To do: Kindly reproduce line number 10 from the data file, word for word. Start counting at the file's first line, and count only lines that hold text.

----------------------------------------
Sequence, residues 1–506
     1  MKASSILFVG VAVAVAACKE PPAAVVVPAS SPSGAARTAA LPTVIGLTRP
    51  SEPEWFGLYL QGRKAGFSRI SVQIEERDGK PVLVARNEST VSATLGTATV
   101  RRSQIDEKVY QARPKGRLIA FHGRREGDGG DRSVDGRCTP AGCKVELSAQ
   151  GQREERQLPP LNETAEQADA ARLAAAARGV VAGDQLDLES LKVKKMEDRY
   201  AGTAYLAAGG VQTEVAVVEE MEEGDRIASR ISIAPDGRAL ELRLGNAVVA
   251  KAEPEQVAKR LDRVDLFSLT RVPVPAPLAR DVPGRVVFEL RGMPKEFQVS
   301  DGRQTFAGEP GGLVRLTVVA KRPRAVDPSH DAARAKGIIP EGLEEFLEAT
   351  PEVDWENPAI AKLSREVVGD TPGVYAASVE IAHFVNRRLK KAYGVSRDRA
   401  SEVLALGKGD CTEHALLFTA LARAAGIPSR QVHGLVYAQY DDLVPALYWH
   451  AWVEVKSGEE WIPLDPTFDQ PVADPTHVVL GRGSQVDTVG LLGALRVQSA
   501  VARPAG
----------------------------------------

   401  SEVLALGKGD CTEHALLFTA LARAAGIPSR QVHGLVYAQY DDLVPALYWH